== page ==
[15] The defendant also claims that the court erred in failing to instruct on its own motion that the offense in question "could not be committed if the complaining witness willingly participated in and consented to the act of sexual intercourse." In People v. Neal, supra, 65 Cal. App. 2d 160, 166, the court held that in omitting to request such an instruction the defendant waived his right thereto. The defendant in the instant case did not request the giving of any instructions. Furthermore, there is no direct evidence to the fact that Miss Wilks willingly participated in or consented to the act of sexual intercourse with the defendant; she testified that she did not resist out of fear; nor, fairly construed, is there any evidence from which the jury reasonably could have inferred her willing participation or consent. [16] An instruction should not be given unless there is some evidence in support of the factual situation to which it applies. (People v. Moore, 43 Cal. 2d 517, 530 [275 P.2d 485].)

Misconduct of District Attorney

[17] In his closing argument the district attorney made a facetious remark concerning the attorney for the defendant which, if taken out of context, might appear to be disrespectful, but when considered as a part of the whole, has no such significance. At the most, the statement to which objection is [196 Cal. App. 2d 103] made is nothing more than a smile-provoking description of no consequence.

[18] Also in his closing argument, the district attorney indicated that he had a statement from a police officer which would substantiate the officer's testimony concerning the admissions made by the defendant. This comment was provoked by the argument of the attorney for the defendant in which he pointedly directed attention to the fact that the officer in question said there were no statements of the conversations between himself and the defendant. In reply, the district attorney stated that he had a statement of the interview in question which was taken from the notes of another officer and signed by the officer in question. The court admonished the district attorney to limit his remarks to the evidence and he said nothing further about the matter. In toto, the remarks objected to were an insignificant part of the argument and in our opinion had no effect upon the result of the trial. Outside the presence of the jury, the court indicated that he would give a general instruction covering the situation; that he did not want to specifically point out the remarks objected to because in so doing, they would be emphasized; and accordingly included in his instructions an admonition to the jury that any statements made by counsel concerning the facts in the case must not be regarded as evidence. The procedure adopted was proper under the circumstances. The misconduct was not prejudicial within the rule heretofore outlined.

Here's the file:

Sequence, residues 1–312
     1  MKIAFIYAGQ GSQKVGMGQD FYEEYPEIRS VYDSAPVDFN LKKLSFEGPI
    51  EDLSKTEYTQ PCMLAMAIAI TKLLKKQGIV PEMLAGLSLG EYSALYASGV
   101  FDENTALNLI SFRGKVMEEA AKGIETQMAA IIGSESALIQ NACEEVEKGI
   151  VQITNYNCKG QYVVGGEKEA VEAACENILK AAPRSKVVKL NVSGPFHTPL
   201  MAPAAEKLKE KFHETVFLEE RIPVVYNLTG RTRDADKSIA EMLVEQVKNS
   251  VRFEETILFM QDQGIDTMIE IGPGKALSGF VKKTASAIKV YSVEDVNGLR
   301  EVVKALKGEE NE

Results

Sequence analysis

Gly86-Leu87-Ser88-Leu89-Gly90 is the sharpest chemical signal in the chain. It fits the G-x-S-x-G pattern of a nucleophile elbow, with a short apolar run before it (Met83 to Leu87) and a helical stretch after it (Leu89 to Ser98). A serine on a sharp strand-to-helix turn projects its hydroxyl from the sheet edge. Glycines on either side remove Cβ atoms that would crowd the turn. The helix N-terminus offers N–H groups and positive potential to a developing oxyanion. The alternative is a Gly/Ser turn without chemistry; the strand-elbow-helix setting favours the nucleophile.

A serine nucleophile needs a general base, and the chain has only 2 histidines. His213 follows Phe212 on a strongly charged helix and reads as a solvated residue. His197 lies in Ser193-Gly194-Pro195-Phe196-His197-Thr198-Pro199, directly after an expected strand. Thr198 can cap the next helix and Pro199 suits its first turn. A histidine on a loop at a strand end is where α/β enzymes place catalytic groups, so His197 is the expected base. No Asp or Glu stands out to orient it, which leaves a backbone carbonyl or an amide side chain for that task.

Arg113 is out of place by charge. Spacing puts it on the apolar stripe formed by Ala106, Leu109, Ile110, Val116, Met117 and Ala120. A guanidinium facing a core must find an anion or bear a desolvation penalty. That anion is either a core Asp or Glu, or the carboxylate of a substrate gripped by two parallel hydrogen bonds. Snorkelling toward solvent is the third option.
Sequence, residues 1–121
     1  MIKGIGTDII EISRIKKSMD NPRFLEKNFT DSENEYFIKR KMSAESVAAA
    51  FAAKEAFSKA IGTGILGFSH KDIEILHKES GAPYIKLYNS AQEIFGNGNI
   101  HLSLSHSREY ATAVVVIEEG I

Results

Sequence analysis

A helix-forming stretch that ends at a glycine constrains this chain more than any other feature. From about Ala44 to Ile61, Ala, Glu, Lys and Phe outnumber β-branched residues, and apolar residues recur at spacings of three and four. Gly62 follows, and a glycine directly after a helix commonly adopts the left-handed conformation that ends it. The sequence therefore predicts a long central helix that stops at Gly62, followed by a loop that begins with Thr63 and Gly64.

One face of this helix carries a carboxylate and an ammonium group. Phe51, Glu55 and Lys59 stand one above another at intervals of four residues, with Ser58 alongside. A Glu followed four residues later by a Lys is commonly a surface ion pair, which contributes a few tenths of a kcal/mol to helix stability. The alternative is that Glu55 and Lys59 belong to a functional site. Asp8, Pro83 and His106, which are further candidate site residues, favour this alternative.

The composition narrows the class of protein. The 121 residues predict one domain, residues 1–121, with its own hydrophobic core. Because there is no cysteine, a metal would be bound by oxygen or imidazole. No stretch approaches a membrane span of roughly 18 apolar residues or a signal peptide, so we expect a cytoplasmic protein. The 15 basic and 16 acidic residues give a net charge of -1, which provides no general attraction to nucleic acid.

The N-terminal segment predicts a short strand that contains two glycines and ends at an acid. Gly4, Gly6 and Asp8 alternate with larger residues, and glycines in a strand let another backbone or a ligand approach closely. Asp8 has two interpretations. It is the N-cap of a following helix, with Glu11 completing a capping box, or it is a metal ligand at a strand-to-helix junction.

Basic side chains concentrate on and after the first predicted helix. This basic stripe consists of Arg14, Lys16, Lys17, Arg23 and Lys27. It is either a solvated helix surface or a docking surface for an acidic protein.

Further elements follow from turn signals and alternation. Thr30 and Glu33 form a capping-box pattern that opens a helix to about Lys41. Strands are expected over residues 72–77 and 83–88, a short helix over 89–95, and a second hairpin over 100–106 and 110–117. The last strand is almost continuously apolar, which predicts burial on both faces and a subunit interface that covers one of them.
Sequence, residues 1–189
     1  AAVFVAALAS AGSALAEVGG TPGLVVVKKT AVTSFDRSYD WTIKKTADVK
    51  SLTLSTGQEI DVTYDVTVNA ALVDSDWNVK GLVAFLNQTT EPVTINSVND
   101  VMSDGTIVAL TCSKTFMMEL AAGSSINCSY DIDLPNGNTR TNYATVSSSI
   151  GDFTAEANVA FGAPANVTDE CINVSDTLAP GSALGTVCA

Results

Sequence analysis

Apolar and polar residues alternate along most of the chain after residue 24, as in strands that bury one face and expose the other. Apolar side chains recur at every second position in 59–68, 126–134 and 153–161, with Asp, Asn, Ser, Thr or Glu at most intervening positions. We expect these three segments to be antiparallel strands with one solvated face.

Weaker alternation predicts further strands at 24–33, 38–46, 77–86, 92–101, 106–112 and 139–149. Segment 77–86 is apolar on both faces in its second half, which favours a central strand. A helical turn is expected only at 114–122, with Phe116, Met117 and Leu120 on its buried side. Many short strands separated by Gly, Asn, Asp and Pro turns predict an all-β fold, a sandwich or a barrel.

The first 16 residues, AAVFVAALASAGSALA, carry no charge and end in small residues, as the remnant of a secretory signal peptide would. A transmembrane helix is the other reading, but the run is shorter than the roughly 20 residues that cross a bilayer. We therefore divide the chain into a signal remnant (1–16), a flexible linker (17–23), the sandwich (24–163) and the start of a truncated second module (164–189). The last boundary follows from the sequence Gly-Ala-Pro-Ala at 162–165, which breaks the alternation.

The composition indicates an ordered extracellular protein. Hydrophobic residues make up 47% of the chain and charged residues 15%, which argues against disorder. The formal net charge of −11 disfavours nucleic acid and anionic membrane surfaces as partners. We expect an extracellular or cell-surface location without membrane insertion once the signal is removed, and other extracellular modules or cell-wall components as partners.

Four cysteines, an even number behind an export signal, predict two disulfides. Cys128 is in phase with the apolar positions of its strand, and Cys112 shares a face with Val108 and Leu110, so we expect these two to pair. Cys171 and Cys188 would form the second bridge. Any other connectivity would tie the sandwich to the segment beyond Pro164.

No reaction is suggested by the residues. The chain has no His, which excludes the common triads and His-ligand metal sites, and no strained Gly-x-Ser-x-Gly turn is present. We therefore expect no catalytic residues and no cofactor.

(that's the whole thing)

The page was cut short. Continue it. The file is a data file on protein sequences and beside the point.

The judgment is affirmed.

Griffin, P. J., and Shepard, J., concurred.